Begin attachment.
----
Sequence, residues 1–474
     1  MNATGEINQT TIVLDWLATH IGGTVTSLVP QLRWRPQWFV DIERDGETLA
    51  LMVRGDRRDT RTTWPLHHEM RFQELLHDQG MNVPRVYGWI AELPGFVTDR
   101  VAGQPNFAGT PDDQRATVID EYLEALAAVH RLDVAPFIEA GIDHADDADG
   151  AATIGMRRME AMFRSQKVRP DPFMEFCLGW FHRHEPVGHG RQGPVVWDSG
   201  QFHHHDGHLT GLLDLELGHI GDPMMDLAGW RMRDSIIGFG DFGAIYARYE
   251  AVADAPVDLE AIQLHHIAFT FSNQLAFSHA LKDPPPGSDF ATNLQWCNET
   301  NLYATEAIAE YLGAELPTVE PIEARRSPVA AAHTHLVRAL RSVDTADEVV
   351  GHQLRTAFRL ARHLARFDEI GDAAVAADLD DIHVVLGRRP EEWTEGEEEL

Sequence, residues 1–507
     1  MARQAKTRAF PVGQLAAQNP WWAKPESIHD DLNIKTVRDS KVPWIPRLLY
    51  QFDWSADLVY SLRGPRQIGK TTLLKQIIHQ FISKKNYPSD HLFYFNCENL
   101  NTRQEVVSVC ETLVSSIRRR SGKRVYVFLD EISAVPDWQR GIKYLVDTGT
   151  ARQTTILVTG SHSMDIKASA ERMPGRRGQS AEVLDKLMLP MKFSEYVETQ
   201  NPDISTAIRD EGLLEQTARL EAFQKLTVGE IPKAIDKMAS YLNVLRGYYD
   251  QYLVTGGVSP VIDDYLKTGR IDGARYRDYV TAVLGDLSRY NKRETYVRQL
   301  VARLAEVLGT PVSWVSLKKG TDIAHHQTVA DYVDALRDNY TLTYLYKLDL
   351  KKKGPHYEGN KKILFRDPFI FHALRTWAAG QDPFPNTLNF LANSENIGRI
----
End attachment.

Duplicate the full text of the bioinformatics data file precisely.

Sequence, residues 1–474
     1  MNATGEINQT TIVLDWLATH IGGTVTSLVP QLRWRPQWFV DIERDGETLA
    51  LMVRGDRRDT RTTWPLHHEM RFQELLHDQG MNVPRVYGWI AELPGFVTDR
   101  VAGQPNFAGT PDDQRATVID EYLEALAAVH RLDVAPFIEA GIDHADDADG
   151  AATIGMRRME AMFRSQKVRP DPFMEFCLGW FHRHEPVGHG RQGPVVWDSG
   201  QFHHHDGHLT GLLDLELGHI GDPMMDLAGW RMRDSIIGFG DFGAIYARYE
   251  AVADAPVDLE AIQLHHIAFT FSNQLAFSHA LKDPPPGSDF ATNLQWCNET
   301  NLYATEAIAE YLGAELPTVE PIEARRSPVA AAHTHLVRAL RSVDTADEVV
   351  GHQLRTAFRL ARHLARFDEI GDAAVAADLD DIHVVLGRRP EEWTEGEEEL

Sequence, residues 1–507
     1  MARQAKTRAF PVGQLAAQNP WWAKPESIHD DLNIKTVRDS KVPWIPRLLY
    51  QFDWSADLVY SLRGPRQIGK TTLLKQIIHQ FISKKNYPSD HLFYFNCENL
   101  NTRQEVVSVC ETLVSSIRRR SGKRVYVFLD EISAVPDWQR GIKYLVDTGT
   151  ARQTTILVTG SHSMDIKASA ERMPGRRGQS AEVLDKLMLP MKFSEYVETQ
   201  NPDISTAIRD EGLLEQTARL EAFQKLTVGE IPKAIDKMAS YLNVLRGYYD
   251  QYLVTGGVSP VIDDYLKTGR IDGARYRDYV TAVLGDLSRY NKRETYVRQL
   301  VARLAEVLGT PVSWVSLKKG TDIAHHQTVA DYVDALRDNY TLTYLYKLDL
   351  KKKGPHYEGN KKILFRDPFI FHALRTWAAG QDPFPNTLNF LANSENIGRI